Roasted veggies

Crispy roasted veggies go well with a hearty breakfast, and they also make a great side dish, or main dish, for dinner. So they're versatile, and they're also simple. If you try to eat in season and you either have your own storage vegetables or get them from your farmers market it's good to have a lot of ways to prepare them, as they'll be the same veggies you'll eat for months. Dicing them into big chunks, tossing them with oil and spices, and throwing them in the oven is the way I most frequently keep myself eating a lot of veggies through the winter.

As I chop them up, I put the veggies into a bowl that I’ve got a mixture of olive oil, salt, black pepper, cayenne, and a bit of honey in, and when all the chopped veggies are in the bowl I stir it all up to coat everything in the oil-spice mix. Sometimes I get more creative with spices - I’ll add rosemary, oregano, thyme - but other than the absolutely necessary salt and pepper it’s really up to you. I like to add a little bit of honey, which really makes the roasted vegetable flavor pop, but they'll still be delicious without it, so it's up to you.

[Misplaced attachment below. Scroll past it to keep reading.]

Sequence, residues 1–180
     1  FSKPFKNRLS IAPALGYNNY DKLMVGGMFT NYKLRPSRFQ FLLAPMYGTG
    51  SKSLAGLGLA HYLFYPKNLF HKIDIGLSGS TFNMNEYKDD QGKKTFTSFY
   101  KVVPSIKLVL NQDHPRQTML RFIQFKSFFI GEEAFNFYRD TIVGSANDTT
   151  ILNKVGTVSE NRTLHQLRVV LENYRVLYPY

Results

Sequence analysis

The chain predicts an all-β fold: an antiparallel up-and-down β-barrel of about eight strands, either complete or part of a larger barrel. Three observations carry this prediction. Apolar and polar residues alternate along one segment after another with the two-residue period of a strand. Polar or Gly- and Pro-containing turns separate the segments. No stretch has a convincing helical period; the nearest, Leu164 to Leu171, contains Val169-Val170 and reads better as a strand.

Remember, if you don't have storage veggies from your own garden, get them at your local farmers market!

Remember, if you don't have storage veggies from your own garden, get them at your local farmers market!

As I’m doing this, I’ve got a baking sheet (preferably higher sided than the one I have in the pictures) on the bottom rack of an oven preheating to 450. Once it’s preheated, I spread the veggies out on the hot baking sheet (they should start sizzling immediately) making sure there’s space between them - if they’re all piled on top of each other, or if they’re all touching, they’ll steam more than they'll roast. I loosely place tin foil over the pan to prevent oil from splattering and filling the kitchen with smoke. Then I let it cook for about seven or eight minutes before stirring it up and flipping it as best I can. After another seven or eight minutes and another stir, I leave the foil off and turn the broiler on. Now, this is sort of weird, but I leave the pan on the bottom rack after I turn the broiler on. Mostly because I almost always overcook veggies that I put directly under the broiler, and partly because it further avoids a smoke filled kitchen.

I keep a close eye on it after I turn the broiler on, and take it out when the veggies have one or two sides browned, and the rest is nice and toasty looking. Don’t be afraid of darkened sides on your veggie chunks! This is not burning, this is the Maillard reaction, and it makes your food delicious. Trust me. Don’t go overboard, though, chunks of ash don’t make a good meal.